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ITíS A WONDERFUL LIFE

by Rabbi David Zauderer    
Torah from Dixie Staff Writer    

In the end of this weekís Torah portion, we find the Jews being attacked by Amalek. G-d had just split the Red Sea enabling the Jews to escape from their Egyptian pursuers, and, at the same time, drowning the entire Egyptian army.

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In the end of this weekís Torah portion, we find the Jews being attacked by Amalek. G-d had just split the Red Sea enabling the Jews to escape from their Egyptian pursuers, and, at the same time, drowning the entire Egyptian army.

One could imagine the stir that such news must have caused throughout the civilized world at that time. No nation would have dared to start up with the Jews, seeing that G-d was performing all sorts of amazing miracles in order to protect them. No nation, that is, except Amalek. The Midrash here uses the analogy of a boiling hot bath. The first person that jumps in gets badly burnedóbut he cools the bath off considerably, making it easier for the next person to jump in. Amalek so badly wanted the Jewish nation to be destroyed, that they were willing to attack the Jews even after having witnessed G-dís powerful hand protecting the Jews. Amalek was defeated, as the Torah tells us, but their gutsy, almost suicidal, attack on the Jews did a lot to alter the prevalent thinking of the time that the Jews and their G-d were invincible.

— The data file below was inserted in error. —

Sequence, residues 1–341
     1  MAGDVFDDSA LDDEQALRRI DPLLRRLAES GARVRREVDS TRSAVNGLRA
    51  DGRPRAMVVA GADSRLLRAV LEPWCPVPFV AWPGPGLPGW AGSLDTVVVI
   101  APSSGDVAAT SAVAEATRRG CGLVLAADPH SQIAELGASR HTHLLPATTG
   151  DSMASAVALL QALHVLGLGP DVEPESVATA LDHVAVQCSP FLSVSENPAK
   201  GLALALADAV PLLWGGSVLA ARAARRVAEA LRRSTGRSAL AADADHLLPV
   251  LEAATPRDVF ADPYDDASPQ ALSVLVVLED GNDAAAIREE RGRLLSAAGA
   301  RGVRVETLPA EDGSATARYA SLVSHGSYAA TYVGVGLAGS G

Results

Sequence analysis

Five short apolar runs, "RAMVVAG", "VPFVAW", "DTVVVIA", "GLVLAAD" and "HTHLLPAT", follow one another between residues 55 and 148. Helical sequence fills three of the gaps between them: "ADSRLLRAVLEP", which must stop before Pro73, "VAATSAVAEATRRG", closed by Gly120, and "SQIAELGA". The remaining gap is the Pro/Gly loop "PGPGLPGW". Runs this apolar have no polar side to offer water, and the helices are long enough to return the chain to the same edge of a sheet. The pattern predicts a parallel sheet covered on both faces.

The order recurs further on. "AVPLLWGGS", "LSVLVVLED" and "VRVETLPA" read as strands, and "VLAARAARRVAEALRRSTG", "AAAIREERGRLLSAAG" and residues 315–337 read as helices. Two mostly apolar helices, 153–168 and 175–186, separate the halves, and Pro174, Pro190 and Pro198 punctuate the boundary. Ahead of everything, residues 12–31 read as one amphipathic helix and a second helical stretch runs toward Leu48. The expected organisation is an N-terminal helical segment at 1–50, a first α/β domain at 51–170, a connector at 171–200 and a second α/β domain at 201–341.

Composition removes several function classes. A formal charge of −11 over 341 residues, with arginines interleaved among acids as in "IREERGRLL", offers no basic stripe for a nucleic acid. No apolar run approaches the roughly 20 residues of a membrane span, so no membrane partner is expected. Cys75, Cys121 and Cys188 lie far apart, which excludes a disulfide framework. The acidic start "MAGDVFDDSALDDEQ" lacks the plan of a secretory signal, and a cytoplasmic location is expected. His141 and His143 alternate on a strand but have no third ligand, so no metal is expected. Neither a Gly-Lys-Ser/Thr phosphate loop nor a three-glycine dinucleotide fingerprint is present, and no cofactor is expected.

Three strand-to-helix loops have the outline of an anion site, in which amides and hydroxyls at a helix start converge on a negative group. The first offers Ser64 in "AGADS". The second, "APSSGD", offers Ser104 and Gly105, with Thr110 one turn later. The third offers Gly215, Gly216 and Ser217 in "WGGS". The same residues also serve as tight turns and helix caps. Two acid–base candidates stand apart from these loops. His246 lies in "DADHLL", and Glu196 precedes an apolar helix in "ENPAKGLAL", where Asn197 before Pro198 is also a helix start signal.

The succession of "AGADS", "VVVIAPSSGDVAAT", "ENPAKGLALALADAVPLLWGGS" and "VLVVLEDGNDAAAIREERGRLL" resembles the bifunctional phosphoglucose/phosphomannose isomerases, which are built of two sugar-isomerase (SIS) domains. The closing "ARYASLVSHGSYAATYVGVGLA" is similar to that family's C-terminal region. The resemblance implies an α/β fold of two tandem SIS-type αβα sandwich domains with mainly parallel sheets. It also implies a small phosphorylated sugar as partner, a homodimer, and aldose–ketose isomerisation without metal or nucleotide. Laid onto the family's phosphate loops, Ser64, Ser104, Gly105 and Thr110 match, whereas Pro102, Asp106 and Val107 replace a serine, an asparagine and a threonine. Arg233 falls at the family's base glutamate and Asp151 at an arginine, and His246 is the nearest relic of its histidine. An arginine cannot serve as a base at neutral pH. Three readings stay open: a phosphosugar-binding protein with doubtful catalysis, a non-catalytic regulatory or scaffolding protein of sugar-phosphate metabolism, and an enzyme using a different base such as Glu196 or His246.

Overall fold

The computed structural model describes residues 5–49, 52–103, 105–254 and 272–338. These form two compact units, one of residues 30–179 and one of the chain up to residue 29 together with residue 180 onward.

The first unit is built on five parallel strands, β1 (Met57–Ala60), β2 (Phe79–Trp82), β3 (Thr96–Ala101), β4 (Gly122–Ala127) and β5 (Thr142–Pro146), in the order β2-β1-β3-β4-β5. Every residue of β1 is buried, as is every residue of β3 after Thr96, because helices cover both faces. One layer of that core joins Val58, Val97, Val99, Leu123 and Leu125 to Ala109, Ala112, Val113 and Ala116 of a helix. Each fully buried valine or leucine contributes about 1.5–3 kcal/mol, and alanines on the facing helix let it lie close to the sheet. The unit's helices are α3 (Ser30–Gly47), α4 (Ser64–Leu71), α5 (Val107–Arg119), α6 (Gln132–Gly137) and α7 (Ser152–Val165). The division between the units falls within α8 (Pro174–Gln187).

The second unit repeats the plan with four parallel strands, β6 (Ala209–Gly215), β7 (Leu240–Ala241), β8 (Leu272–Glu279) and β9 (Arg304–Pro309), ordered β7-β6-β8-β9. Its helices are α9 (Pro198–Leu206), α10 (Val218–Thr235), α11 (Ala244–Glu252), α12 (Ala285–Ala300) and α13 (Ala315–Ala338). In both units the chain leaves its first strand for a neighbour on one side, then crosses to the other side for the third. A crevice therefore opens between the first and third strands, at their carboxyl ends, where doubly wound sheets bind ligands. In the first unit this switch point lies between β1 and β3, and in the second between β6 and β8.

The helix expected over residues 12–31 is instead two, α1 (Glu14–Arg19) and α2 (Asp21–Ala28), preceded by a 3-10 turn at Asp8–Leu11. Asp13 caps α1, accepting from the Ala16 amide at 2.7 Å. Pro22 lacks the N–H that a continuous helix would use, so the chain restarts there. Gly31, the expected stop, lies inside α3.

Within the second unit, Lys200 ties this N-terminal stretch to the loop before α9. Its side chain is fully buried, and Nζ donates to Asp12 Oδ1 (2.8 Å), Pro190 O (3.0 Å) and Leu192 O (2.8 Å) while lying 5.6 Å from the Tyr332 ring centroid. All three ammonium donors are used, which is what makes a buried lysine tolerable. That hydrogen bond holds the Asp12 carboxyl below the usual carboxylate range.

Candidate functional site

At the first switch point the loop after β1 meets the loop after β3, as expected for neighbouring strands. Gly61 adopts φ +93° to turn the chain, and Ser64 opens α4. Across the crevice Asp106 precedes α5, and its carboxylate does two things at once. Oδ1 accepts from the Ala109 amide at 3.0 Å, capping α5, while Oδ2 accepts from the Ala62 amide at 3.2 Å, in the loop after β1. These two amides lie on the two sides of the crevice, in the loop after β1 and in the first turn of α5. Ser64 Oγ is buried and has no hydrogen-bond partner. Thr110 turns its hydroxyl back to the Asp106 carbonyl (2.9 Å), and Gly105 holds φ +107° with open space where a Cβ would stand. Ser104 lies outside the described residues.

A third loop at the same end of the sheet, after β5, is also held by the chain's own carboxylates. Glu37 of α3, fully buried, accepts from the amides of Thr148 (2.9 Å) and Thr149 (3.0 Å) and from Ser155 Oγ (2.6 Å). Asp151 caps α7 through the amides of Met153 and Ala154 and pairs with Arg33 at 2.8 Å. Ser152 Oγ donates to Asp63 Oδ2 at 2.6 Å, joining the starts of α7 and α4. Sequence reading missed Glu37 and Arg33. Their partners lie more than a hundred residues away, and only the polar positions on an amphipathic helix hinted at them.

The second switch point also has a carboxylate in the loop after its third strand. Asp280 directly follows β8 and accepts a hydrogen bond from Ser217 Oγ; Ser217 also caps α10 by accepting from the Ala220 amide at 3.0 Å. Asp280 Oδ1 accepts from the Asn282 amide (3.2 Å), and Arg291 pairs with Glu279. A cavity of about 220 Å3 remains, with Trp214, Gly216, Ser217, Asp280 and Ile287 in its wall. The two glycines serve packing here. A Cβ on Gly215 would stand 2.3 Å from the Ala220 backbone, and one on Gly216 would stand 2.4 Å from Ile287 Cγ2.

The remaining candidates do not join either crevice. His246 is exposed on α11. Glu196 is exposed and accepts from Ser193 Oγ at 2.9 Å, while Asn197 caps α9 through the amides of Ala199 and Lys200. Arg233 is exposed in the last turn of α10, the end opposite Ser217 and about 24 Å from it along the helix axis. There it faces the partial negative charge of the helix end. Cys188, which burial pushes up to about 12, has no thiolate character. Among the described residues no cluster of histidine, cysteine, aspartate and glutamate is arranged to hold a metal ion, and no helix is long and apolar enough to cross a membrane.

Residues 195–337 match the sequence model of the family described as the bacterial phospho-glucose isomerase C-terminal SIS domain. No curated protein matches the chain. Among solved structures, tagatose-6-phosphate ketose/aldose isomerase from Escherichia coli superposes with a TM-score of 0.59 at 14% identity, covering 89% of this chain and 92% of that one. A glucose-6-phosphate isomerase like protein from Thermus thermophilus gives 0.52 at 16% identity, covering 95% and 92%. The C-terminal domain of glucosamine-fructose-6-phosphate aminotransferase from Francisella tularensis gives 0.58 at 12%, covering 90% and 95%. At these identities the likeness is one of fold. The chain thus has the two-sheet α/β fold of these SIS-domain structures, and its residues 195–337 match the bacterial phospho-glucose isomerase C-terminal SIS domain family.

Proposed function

Later on in the Torah, we find the greatest non-Jewish prophet, Bilaam, communicating the following prophecy about the nation of Amalek. He says, "Amalek is the first among nations, but its end will be eternal destruction" (Numbers 24:20). The commentaries explain this to mean that in the Messianic Era, when all the nations of the world will come to an understanding and acceptance of the G-d of Israel and His chosen people, effectively ending anti-semitism and other forms of hatred and bigotry in the world, Amalek will refuse to see the truth and will be utterly destroyed.

Who is Amalek, and why are they singled out in the Torah as the one nation that G-d promises to completely eradicate from the face of the earth? After all, many other nations throughout our long history have tried to destroy us.

King Solomon writes in his Proverbs (19:25), "Strike the scoffer and the simpleton grows clever." The commentaries explain that the scoffer, or cynic, that the verse refers to is Amalek, and the simpleton is Yitro, Mosesí father-in-law.

When G-d miraculously rescued the Jews from Egypt and split the sea for them, there were two different reactions to these unbelievable events. Amalek, being a nation of cynics who laugh in the face of all goodness and G-dliness, attempted to destroy the new nation of Israel. Yitro, on the other hand, saw the handwriting on the wall and converted to Judaism. Next weekís Torah portion, named after Yitro, relates how Yitro heard about all that G-d had done to save the Jewish nation, and how these events had impacted him greatly. Here was a man who was not resistant to change. On the contrary, Yitro was constantly searching for meaning, grabbing every opportunity he could to grow spiritually.